It seems to me that when Senator Scott Brown lost his bid for re-election last November, centrist Republicans in Massachusetts -- and around the country, for that matter -- were demoralized. Not only did he lose to a big government, tax-and-spend liberal Democrat, but he lost by a devastating margin. But fear not, my friends: we may not have seen the last of Washington’s second most bipartisan Senator.
Indeed, a new poll released Thursday suggests that the lame-duck lawmaker is heavily favored to win back a seat in the upper chamber; that is, if -- and only if -- John Kerry becomes the next secretary of state (via Ed Morrissey):
A WBUR poll of 500 registered voters (PDFs –topline,crosstabs) finds U.S. Sen. Scott Brown is in a strong position should there be a special election to fill U.S. Sen. John Kerry’s seat.
Kerry is believed to be President Obama’s choice to replace Secretary of State Hillary Clinton.
The poll, conducted by the MassINC Polling Group on Monday and Tuesday, finds voters view Brown favorably, despite the fact that in November they chose to elect Harvard law professor Elizabeth Warren in his stead. Fifty-eight percent of those polled say they have a favorable view of Brown, compared with 28 percent who view him unfavorably. Rounded off, 12 percent say they are undecided, and 1 percent say they have never heard of him.
MassINC pollster Steve Koczela looked at how well Brown would fare against four current or former Democratic members of Congress.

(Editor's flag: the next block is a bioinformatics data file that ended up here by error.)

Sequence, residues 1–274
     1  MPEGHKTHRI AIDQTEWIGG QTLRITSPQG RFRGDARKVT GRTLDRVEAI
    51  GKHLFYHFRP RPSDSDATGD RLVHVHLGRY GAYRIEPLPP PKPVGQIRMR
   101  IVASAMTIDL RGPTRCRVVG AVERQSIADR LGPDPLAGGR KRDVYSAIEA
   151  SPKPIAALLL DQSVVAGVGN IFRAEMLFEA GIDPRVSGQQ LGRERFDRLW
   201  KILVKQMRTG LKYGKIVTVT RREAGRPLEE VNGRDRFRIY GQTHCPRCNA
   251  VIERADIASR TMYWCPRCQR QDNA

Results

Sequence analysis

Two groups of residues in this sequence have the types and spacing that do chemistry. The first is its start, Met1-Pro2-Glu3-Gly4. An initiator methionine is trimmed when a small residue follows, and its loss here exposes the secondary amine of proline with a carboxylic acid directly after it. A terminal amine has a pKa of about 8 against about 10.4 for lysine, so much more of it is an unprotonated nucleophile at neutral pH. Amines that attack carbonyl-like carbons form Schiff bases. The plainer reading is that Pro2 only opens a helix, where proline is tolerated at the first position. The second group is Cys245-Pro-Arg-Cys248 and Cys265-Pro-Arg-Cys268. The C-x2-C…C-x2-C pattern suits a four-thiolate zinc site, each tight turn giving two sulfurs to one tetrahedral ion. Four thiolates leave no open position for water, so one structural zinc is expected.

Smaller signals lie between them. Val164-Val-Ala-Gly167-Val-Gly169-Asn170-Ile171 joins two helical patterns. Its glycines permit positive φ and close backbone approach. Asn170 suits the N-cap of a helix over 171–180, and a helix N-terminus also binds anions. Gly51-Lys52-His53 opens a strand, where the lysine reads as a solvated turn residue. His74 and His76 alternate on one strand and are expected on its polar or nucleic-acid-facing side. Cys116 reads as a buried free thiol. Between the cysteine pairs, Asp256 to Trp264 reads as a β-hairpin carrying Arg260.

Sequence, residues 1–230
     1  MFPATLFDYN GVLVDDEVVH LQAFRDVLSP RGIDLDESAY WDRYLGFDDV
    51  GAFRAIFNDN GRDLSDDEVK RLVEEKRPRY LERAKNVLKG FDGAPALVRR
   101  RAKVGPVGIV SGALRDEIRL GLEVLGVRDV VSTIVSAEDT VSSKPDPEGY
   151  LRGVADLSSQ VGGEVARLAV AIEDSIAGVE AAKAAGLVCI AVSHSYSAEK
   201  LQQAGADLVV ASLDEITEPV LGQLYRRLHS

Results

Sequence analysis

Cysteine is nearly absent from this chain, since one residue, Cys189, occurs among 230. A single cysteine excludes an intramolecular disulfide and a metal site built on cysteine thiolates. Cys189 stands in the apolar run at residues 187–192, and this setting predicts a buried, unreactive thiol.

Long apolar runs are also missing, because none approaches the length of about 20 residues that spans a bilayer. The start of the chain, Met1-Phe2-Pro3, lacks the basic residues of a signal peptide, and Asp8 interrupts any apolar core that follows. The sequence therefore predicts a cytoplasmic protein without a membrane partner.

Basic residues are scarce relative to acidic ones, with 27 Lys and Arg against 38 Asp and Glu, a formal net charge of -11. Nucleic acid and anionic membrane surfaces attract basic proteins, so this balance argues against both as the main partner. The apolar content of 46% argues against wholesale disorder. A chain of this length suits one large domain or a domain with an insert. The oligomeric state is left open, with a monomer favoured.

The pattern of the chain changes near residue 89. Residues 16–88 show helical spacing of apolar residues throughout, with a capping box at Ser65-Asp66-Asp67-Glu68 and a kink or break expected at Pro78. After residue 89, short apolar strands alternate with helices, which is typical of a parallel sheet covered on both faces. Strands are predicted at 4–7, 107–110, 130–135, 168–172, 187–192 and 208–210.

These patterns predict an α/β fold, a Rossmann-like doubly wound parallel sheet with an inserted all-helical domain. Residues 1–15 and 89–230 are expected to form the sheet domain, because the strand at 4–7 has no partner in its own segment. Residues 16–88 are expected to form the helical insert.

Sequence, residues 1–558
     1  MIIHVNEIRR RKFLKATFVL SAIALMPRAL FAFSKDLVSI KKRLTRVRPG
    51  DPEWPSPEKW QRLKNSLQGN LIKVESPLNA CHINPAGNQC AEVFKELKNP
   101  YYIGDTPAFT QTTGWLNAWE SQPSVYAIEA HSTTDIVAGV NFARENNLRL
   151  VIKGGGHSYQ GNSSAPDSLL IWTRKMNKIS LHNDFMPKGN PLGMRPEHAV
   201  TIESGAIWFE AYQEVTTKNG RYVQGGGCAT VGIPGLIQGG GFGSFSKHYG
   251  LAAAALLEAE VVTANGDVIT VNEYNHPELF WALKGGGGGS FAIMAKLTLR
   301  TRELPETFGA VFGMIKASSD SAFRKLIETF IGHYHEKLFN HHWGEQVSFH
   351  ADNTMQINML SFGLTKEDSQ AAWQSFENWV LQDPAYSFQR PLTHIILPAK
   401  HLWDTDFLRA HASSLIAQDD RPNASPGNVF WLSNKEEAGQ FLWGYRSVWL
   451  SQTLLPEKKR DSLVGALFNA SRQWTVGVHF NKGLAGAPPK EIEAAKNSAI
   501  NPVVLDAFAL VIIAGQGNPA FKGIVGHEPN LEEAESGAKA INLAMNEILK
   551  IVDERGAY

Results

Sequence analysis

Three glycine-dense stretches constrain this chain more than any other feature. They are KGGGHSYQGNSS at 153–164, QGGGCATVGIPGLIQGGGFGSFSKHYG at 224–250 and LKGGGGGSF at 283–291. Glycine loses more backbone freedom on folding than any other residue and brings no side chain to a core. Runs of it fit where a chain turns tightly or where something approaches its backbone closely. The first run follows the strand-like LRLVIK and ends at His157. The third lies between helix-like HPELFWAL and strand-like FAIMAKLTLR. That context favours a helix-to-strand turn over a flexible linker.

“We matched him up theoretically against (U.S. Reps.) Ed Markey, Mike Capuano, Steve Lynch and (former U.S. Rep.) Marty Meehan, and in each one of those cases, he led by between 17 and 19 points,” Koczela said.
Meehan, now the president of the University of Massachusetts Lowell, has already said he’s not interested in running.
But how likely is it that Senator Kerry will actually receive his much-coveted and long awaited promotion? Pretty darn certain, according to the New York Times:
President Obama is leaning strongly toward naming John Kerry, the Massachusetts senator and unsuccessful Democratic nominee for president eight years ago, to succeed Hillary Rodham Clinton as secretary of state, according to administration officials and friends of Mr. Kerry.
But the announcement will be delayed, at least until later this week and maybe beyond, because of the Connecticut school shooting and what one official called “some discomfort” with the idea of Mr. Obama’s announcing a national security team in which the top posts are almost exclusively held by white men.
Senator Brown’s involuntary retirement from public life will probably be cut short, in other words, if Kerry gets the nod. However, all that could change if this guy throws his hat into the ring -- a contingency I suspect most Republicans hope doesn’t come to fruition.
UPDATE - Well, this certainly makes things a little bit more interesting:
With the expectation that U.S. Senator John Kerry will be appointed Secretary of State, attention now focuses on who will be his successor. A new survey by the Emerson College Polling Society (ECPS) finds that Governor Deval Patrick ahead of U.S. Senator Scott Brown (48% to 43%) and former Governor William Weld (50% to 32%) in head-to-head matchups to succeed Kerry. Brown leads Vicki Kennedy, the widow of U.S. Senator Ted Kennedy, (46% to 40%). There was a 2.9 percent margin of error in the ECPS survey.
Felix Chen, chief analyst of the poll, pointed out that while Patrick may win the head-to-head contest, 38% of those surveyed believed Brown would be the next U.S. Senator, 14% named Patrick, followed by 10% selecting Attorney General Martha Coakley then Kennedy with 7%, and former Governor Weld with 3%.